The city of Sandy Springs finalized its wish list of transportation sales tax projects at the June 7 City Council meeting. It also presented a traffic study to back one of the most controversial items, a design for possible widening of Hammond Drive, and gave hints as to possible details.

The T-SPLOST project list was cut from 10 previously listed projects to nine. The project removed was a concept of “flex lanes” on I-285, essentially turning the shoulders into travel lanes during high traffic. The state Department of Transportation can’t agree to that idea yet, said City Manager John McDonough. The idea could still be funded by other means.

The transportation sales tax, or T-SPLOST, is slated to go before Fulton County voters Nov. 8. Revenue from the five-year sales tax increase of up to 0.75 percent would be split among area cities. The projected revenue from the T-SPLOST has ticked upward. That’s partly because the revenue is based on city population, and Sandy Springs is now estimated by the Atlanta Regional Commission at about 105,000 people, McDonough said. That means the city is projected to receive about $104 million from the T-SPLOST, up from $101 million, with a maximum of $119 million, up from $116 million.

The T-SPLOST list includes two projects that are controversial in their neighborhoods, but which also received broad support in T-SPLOST meetings and surveys. One is turning the intersection of Mount Vernon Highway and Johnson Ferry Road into dual roundabouts.

The other is a longstanding idea to widen a two-lane section of Hammond Drive between Roswell Road and Glenridge Drive. Local neighborhood associations strongly oppose the idea, saying it would mean demolishing dozens of homes and that it has never been backed by a credible traffic study. In recent months, the city has geared up to perform that study and already bought three residential lots as placeholders in case the widening is determined to be a good idea.

The T-SPLOST would help fund more property purchases as well as a study and design, including public meetings and at least three alternatives, city officials said. It does not fund any actual construction and council members emphasized that decision has not been made.

However, the city did present a new traffic study for that section of Hammond that says the street will be choked without some kind of changes. And McDonough said the study was based on the idea of the street as a “four-lane divided boulevard with sidewalks and bike lanes on both sides.” Council member Gabriel Sterling later said it also includes a 40-foot right of way for potential alternative transit; officials have previously talked about potential streetcars, bus lines or monorails.

The study was performed and presented by consulting traffic engineer France Campbell. He said it included traffic counts performed in April while school was in session and factors in 11 major developments planned or underway in the area, such as Dunwoody’s State Farm and High Street projects.

He said the study found that most intersections on that section of Hammond function at acceptable levels of service now, at least from a traffic engineer’s point of view. But by 2026, most are projected to be unacceptable, essentially meaning near gridlock condition, he said. Beyond widening, some of those intersections could be improved with turn lanes, roundabouts or “other types of innovative intersections,” he said.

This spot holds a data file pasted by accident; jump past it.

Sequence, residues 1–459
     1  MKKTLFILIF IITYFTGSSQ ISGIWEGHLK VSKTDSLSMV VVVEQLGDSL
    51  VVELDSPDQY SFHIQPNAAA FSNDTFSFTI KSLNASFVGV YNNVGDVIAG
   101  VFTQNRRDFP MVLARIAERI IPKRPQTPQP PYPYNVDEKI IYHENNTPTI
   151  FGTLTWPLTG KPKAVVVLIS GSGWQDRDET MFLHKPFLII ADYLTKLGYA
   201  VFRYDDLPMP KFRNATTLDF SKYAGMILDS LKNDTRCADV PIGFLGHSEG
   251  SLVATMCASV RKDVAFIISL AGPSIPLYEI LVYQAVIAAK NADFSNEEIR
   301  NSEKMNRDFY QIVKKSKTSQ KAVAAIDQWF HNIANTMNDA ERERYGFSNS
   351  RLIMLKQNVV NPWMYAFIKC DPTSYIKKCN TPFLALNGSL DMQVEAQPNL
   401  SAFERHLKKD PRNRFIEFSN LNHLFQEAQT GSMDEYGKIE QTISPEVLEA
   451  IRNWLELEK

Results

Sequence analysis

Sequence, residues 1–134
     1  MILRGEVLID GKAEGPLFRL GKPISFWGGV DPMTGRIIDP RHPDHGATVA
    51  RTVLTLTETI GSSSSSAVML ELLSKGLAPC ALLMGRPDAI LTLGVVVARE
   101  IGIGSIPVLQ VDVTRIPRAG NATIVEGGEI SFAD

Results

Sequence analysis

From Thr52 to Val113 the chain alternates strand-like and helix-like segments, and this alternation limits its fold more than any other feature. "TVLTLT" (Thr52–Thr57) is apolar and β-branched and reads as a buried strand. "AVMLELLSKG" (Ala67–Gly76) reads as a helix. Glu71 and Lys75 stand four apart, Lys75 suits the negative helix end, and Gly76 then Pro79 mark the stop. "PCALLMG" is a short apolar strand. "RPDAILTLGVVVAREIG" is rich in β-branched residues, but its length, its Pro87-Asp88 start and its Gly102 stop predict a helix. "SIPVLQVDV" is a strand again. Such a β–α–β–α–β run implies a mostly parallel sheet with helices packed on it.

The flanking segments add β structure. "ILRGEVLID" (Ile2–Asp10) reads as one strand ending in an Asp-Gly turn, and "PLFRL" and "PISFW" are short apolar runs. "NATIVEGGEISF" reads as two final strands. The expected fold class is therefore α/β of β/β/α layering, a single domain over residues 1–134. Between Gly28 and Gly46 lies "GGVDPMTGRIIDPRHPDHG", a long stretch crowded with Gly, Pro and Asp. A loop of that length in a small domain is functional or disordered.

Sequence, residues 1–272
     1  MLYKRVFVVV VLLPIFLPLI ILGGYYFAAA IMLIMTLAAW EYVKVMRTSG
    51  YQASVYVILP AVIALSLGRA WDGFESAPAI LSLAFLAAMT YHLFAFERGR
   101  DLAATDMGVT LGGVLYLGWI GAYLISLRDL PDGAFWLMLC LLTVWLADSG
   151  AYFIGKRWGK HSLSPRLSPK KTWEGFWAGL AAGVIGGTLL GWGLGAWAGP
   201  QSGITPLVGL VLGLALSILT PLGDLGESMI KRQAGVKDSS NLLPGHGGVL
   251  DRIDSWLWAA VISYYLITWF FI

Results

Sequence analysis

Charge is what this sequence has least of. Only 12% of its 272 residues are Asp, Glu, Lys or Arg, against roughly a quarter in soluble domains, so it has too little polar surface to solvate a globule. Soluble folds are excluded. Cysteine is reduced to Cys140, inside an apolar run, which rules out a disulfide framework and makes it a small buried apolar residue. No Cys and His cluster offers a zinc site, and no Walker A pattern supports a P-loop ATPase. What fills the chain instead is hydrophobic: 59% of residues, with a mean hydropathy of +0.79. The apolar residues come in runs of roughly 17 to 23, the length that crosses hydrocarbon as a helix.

McDonough said the full traffic study will be posted on the city website for inspection on June 8.

June 8 is also the day the city will deliver the T-SPLOST list to Fulton County for inclusion on the countywide ballot question. No one spoke during the public comment before the City Council voted to approve the list and send it to the county. Fulton County also has its own list of county-wide projects. The portion of Fulton within the city of Atlanta is not included, because Atlanta has its own, separate T-SPLOST underway.

The following is the Sandy Springs T-SPLOST list. Projects in the first two “tiers” are likely to be funded by project revenue and Tier Three would get any leftovers. The order of projects within the tiers doesn’t matter, and not included is an administrative fee for county auditing of the projects. All of the projects are already planned; T-SPLOST money would just speed them up.

TIER ONE

  • Traffic efficiency improvements: a variety of intersection and traffic signal upgrades: $18 million
  • Perimeter Center Last Mile Connectivity: Helping with an interconnected multi-use trail network that can double as right of way for potential alternative mass transit like light rail or monorails: $8 million
  • Sidewalk program: $11 million
  • Mount Vernon/Johnson Ferry dual roundabouts: $26 million
  • Mount Vernon Highway multi-use path between Roswell Road and the Sandy Springs MARTA Station: $11 million
  • Hammond Drive widening design: $16 million

TIER TWO

  • PATH400 extension: Fill in a “missing link” of the multi-use trail from Buckhead to a planned section on the Pill Hill hospital area that will be built as part of the Ga. 400/I-285 interchange reconstruction: $5.5 million
  • Roberts Drive multi-use path connecting Roswell Road and Island Ford Park: $5.5 million

TIER THREE

  • Roadway maintenance and paving: $16,785,429
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